The wind, the rains, and the sun have been at work for thousands of years creating a fairytale out of a plain hill. The pyramids are made of earth clay and river sand that have been welded together for centuries. There are no rivers here nowadays but long ago melting glaciers flowed through the landscape, washing away part of the soil at the same time.
The pyramids are a variety of shapes and sizes, some cone like and others looking like rocky mushrooms. Most of the pyramids are 20 to 32 ft. (6 to 10 m) high, some of them towering up to 40 ft. (12 m). They are up to 130 ft. (40 meters) in some areas.
Being formed of extremely fragile and crumbling material, the Stob Pyramids are easily destroyed by erosion. However, the landscape is truly alive, and while many of the pyramids have entirely disappeared, others have been formed during the last few decades.
Local legends tell stories of how the formations came to exist. One particular group of formations is called the Wedding. As the story goes, a man and a woman from the nearby village were getting married. The celebration had already started when the father of the groom cast his eyes upon the bride and immediately fell in love with her. He was about to ruin the wedding when suddenly the earth started shaking, a terrible noise filled the air and all of a sudden everybody turned into rocks.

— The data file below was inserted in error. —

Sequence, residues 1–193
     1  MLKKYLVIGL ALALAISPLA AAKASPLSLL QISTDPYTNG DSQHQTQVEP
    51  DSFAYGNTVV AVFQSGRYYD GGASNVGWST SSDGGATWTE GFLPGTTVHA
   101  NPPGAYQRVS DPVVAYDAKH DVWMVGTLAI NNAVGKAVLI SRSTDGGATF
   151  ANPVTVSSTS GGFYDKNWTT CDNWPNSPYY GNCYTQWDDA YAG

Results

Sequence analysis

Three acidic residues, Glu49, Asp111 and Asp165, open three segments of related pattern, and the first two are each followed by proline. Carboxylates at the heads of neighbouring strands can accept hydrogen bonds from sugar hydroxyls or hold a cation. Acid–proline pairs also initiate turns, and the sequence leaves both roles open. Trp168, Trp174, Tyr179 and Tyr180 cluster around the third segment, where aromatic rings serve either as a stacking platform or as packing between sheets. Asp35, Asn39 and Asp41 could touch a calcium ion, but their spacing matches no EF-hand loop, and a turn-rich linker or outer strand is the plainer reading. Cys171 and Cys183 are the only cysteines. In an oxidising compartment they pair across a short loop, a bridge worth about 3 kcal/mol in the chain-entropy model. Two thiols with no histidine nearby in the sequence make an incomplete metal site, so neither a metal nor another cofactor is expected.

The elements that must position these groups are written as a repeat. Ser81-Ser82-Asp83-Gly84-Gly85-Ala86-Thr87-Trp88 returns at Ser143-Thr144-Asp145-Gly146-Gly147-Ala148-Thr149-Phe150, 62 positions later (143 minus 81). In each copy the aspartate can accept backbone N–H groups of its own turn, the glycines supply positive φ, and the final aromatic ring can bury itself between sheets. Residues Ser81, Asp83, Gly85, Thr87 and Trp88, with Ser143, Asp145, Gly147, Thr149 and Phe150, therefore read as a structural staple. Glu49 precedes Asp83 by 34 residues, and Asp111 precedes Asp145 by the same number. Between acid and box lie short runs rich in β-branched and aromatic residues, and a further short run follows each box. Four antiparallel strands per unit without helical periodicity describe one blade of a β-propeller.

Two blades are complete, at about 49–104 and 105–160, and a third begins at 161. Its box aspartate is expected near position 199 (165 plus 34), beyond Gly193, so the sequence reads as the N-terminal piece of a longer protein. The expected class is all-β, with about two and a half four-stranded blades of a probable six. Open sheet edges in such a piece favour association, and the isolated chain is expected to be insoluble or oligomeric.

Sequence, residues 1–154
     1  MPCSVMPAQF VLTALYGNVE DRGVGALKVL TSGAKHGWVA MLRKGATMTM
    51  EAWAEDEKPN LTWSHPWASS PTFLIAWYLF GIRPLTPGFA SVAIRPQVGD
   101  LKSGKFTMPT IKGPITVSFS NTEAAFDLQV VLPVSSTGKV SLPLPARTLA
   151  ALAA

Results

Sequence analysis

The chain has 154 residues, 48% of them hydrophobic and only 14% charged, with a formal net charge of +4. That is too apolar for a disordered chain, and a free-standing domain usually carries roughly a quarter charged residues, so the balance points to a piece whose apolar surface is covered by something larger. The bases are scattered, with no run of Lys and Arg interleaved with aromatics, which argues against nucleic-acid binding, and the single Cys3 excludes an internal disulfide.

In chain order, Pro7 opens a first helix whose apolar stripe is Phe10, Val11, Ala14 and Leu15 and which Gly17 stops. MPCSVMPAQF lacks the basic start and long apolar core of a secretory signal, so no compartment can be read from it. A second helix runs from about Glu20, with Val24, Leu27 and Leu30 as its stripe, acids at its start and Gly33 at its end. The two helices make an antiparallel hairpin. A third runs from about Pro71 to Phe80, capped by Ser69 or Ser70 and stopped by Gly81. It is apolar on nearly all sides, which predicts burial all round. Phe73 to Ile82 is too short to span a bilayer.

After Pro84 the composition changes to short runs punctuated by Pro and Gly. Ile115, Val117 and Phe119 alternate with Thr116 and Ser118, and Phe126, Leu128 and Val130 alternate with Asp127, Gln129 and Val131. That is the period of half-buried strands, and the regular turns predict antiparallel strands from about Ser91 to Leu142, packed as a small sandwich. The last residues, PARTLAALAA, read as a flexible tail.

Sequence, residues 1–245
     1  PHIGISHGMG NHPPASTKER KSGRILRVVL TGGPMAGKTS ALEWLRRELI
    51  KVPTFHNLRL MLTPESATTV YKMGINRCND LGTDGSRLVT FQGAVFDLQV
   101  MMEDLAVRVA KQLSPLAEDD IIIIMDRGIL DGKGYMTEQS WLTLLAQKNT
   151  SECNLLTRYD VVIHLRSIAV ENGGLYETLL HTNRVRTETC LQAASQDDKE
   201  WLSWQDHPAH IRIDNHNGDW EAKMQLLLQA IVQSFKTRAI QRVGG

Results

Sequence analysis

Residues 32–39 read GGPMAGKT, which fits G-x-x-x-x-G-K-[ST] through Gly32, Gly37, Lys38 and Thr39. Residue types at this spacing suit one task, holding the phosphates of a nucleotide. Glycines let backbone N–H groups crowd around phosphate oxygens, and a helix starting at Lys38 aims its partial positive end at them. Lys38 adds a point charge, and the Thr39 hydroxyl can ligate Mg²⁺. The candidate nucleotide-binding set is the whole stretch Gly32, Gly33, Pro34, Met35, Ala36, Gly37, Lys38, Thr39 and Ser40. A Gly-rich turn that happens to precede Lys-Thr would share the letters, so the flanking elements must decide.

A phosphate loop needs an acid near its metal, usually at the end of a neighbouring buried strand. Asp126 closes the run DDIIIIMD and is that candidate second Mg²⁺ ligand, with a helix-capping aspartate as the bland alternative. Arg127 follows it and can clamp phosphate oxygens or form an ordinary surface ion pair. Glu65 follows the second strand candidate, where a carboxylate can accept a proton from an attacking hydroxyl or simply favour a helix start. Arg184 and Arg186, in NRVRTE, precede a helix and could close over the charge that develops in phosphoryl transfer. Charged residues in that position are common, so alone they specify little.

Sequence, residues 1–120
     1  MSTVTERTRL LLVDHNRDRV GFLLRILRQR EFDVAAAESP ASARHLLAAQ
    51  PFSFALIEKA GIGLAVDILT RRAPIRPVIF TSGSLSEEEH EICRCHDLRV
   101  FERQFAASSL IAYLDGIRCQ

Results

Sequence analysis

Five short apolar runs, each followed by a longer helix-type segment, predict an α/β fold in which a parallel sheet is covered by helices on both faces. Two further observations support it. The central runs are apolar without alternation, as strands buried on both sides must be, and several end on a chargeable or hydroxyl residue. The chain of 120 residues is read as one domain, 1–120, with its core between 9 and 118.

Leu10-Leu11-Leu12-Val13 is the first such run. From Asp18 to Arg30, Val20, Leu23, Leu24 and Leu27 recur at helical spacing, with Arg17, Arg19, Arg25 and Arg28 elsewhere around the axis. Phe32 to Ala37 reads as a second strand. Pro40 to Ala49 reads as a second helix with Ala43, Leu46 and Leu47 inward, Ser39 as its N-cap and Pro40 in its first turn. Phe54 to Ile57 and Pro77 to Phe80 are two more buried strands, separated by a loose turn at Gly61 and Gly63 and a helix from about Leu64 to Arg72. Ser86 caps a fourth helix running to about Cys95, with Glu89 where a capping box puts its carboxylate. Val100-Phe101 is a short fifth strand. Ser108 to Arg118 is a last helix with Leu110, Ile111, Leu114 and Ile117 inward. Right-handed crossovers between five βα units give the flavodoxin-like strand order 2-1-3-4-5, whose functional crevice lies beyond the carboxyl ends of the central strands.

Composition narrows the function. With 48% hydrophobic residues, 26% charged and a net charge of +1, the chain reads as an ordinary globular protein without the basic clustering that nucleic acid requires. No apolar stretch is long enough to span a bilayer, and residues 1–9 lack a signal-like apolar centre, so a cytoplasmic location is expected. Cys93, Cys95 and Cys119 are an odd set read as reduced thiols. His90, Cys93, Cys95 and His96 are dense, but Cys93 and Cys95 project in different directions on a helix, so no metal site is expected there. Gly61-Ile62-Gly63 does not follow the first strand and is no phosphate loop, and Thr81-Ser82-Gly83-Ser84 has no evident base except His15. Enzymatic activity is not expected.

According to another legend, the mother of the groom disapproved the marriage and cast a spell on the young lovers. When the groom kissed the bride for the first time, everyone turned into solid rocks.
One of the most amazing times to visit the Stob Pyramids is in the moonlight when the soft colors and the remarkable shapes make the landscape look alien.
A broad path meanders among the pyramids and leads to a hill with a panoramic view. There is a tourist information center at the base of the pyramids where guides are available. Just 25 miles (40 km) away from the Stob Pyramids is the biggest and most famous Bulgarian monastery, the Rila Monastery.